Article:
Revisiting Centers of Excellence: How the Concept Can Complement Future Benefit Strategies
Kenneth D. Wells, MD
The concept of Centers of Excellence (COE) dates back to the mid-1980s. Many institutions claim the “COE” title, but the designation has become commoditized and diluted over time. El Paso Corporation (EPC) has taken a fresh look at the COE approach, including its fundamental goals and the ways it can complement and supplement existing benefit strategies. EPC’s foray into COE has increased positive health outcomes and, more importantly, improved employee functionality and health status.
Overview of El Paso Corporation’s Approach
In its original iteration (pre–managed care in the 1980s), the program effected savings through contracting directly with COE providers. At times, this saved the company >40% above “reasonable and customary” fees. The magnitude of savings allowed the company to finance costs related to transporting employees and their family members to the COE and providing them with lodging.
El Paso Corporation’s Program
Following the program’s inception, it went from offering discounted rates on reasonable/customary fees to stipulating prenegotiated fees established by the third-party administrator (TPA)/carrier. Components remaining from the original program include the savings generated from the concept of “doing it right the first time,” superior outcomes, and shorter treatment durations, which allow employees to return to work sooner. In addition, employee satisfaction with their healthcare benefit has increased and presenteeism has improved.
In the past few years, the COE program began including biotech drugs, which often delay onset of some conditions and are used to treat many highcost diseases, such as lung cancer and transplants. Some TPAs might not approve certain biotech drugs because of their cost. However, EPC reviews applications for promising biotech drugs on a caseby- case basis and intervenes when it believes a treatment is valid. The company views biotech drugs as tools to keep employees healthy and prevent hospitalization, and they constitute a valueadded component of the COE program. EPC strongly believes in its approach to COE and plans to continue offering this program.
Defining a “Good” COE
The COE approach is a scalable concept. Even smaller employers can benefit from the model if they dedicate an employee to coordinating the program. An employer can take the following steps to develop a COE program:
• Maintain a strong relationship between the company and the COE provider; both must be committed to making the program work.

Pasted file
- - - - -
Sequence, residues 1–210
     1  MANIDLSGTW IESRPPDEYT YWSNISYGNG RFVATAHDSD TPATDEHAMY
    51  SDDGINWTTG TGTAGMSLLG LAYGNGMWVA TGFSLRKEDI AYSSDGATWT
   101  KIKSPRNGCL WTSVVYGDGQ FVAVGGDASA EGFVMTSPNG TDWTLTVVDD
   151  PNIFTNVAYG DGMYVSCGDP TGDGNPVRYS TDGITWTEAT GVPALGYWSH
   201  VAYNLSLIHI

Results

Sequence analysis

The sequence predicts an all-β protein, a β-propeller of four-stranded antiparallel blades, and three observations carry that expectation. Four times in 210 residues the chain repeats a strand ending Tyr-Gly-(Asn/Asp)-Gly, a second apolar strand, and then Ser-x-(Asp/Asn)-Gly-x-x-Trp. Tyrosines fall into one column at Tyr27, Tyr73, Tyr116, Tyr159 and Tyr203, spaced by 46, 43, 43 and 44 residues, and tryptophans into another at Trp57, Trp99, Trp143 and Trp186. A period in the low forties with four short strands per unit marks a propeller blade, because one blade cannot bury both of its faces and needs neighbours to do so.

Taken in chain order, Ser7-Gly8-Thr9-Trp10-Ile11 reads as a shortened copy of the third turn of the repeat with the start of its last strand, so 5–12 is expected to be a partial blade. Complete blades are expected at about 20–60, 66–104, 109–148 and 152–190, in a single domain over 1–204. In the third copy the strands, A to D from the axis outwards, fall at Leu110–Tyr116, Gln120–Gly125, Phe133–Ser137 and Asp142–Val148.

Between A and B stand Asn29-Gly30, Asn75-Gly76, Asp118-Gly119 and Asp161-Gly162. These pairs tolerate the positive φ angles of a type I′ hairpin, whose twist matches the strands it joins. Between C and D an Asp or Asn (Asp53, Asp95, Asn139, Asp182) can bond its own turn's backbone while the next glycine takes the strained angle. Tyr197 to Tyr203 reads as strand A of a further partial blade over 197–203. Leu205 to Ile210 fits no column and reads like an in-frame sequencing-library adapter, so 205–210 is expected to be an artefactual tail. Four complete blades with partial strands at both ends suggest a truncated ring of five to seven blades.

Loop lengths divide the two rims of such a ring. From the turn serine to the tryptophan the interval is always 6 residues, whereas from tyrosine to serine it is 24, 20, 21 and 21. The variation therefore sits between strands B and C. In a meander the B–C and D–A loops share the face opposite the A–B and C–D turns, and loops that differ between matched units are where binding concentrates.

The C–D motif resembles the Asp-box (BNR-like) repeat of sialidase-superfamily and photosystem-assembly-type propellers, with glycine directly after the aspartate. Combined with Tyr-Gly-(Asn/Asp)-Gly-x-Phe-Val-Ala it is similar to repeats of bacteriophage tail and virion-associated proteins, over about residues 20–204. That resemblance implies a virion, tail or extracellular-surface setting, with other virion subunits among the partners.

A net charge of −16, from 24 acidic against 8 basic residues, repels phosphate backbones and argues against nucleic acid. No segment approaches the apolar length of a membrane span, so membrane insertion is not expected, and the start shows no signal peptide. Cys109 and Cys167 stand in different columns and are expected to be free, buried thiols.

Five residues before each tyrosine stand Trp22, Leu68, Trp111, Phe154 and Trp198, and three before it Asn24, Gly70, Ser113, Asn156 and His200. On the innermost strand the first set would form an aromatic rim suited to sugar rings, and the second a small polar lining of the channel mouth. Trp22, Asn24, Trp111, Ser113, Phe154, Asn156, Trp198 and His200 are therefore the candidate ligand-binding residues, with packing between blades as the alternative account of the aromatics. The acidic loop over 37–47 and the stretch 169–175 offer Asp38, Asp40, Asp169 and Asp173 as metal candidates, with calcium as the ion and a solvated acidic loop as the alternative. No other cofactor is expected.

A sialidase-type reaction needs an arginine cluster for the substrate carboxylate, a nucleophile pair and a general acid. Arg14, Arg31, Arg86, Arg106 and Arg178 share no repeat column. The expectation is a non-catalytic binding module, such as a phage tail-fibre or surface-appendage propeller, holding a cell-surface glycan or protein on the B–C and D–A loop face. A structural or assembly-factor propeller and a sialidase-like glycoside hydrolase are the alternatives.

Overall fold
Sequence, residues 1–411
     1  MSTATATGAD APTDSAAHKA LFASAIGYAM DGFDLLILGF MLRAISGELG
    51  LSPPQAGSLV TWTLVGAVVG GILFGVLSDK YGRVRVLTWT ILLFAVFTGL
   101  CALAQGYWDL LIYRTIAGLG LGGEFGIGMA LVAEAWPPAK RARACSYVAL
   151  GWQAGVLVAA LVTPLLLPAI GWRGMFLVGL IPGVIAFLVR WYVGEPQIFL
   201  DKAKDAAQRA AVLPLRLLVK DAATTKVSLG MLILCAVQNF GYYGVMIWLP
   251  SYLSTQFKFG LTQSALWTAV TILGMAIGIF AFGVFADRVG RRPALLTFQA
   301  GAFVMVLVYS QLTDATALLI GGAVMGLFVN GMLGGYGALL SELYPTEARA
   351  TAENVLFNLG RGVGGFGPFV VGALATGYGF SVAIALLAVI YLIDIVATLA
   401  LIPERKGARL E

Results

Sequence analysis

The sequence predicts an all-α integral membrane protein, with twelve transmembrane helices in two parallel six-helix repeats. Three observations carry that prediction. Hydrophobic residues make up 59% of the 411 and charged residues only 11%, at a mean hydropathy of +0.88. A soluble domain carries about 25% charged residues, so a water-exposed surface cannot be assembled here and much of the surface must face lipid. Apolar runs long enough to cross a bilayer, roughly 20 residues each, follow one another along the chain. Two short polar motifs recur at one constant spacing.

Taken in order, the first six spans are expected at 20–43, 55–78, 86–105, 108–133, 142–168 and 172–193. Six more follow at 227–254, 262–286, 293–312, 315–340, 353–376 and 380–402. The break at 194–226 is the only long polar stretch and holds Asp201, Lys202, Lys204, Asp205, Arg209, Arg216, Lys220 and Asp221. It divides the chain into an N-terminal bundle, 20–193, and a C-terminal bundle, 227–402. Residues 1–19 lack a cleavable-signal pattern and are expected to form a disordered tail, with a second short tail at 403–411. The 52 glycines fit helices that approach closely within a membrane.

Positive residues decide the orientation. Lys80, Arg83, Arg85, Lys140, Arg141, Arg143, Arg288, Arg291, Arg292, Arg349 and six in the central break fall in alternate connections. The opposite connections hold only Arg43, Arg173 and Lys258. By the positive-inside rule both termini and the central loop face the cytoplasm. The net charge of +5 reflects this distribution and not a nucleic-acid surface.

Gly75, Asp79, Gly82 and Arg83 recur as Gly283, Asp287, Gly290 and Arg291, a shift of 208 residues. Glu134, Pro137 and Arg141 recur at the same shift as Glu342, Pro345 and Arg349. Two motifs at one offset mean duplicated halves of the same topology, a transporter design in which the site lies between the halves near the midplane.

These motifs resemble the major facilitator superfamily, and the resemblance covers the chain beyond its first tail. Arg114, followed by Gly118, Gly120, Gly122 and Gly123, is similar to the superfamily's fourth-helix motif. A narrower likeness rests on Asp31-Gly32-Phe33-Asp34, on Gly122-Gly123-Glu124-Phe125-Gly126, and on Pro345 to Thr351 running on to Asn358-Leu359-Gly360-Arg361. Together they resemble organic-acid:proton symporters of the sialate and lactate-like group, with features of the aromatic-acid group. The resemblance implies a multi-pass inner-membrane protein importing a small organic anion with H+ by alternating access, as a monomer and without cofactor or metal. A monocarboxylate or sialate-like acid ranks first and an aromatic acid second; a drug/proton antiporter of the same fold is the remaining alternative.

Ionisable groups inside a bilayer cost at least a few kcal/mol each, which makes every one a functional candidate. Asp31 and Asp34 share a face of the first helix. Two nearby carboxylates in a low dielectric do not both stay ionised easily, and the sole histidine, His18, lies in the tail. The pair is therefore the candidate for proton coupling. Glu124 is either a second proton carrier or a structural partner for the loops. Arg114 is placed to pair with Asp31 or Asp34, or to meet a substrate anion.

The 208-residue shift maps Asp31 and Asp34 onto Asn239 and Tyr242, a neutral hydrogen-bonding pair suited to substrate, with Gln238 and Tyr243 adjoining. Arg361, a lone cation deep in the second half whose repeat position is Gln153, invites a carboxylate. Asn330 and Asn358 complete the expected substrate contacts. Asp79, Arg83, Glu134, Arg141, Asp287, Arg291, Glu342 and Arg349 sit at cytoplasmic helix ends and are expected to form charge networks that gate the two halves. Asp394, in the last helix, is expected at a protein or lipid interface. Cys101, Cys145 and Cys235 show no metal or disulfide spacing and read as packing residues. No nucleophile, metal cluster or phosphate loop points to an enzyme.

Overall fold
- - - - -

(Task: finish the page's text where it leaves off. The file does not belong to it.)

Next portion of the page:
• Analyze existing claims data to identify the medical/COE resources employees will need. Focus efforts on finding centers that provide this care.
• Ensure that benefit design is appropriate. The COE component of the benefit should be accessible and affordable for all employees. It should complement other benefit components, such as coverage for biotech medications.
Targeting potentially disabling and life-threatening conditions with biotech medications limits their progression, decreasing the overall severity or effects of a disease. Biotech medications may allow employees with potentially disabling conditions to remain on the job and function more effectively, resulting in longer and more productive working lives. The employers’ experiences and recommendations outlined in this article highlight the value of developing an approach that facilitates employee access to biotech medications. Although the companies mentioned are all major employers, the lessons they learned can be applied by a company of virtually any size. Companies that successfully implement a comprehensive, multidisciplinary, rational policy for the use of biotech medications ensure that employers, health plans, and employees all benefit from advances in biotechnology and that limited healthcare benefit dollars continue to be spent properly.
• Acute myocardial infarction (MI) and depression (after acute MI)
• Congestive heart failure and diabetes
• Elevated cholesterol and hypothyroidism
What disorders in the beneficiary population can be treated with existing or soon-to-be-released biotech treatments?
Acknowledgment: The authors wish to acknowledge Brenna Harrington and Christe Bruderlin-Nelson for their contributions to this supplement.
Funding Source: This supplement is supported by funding from Amgen Inc.
Author Affiliations: Pitney Bowes, Stamford, Connecticut (DH, JM); El Paso Corporation, Houston, Texas (KDW); Eastman Kodak Company, Rochester, New York (WML).
Authorship Disclosures: Consultant/Advisory Board: Amgen Inc (KDW); Honoraria: Amgen Inc (KDW). These authors have nothing to disclose (DH, WML).
Authorship Information: Concept, design, and drafting of the manuscript and critical revision of the manuscript for important intellectual content (DH, JM, KDW, WML).
Address Correspondence to: Sofia B. Manoussakis, Director of Communications & PR, Integrated Therapeutics Institute, LLC, PO Box 416, Greenfield Center, NY 12833. E-mail: firstname.lastname@example.org.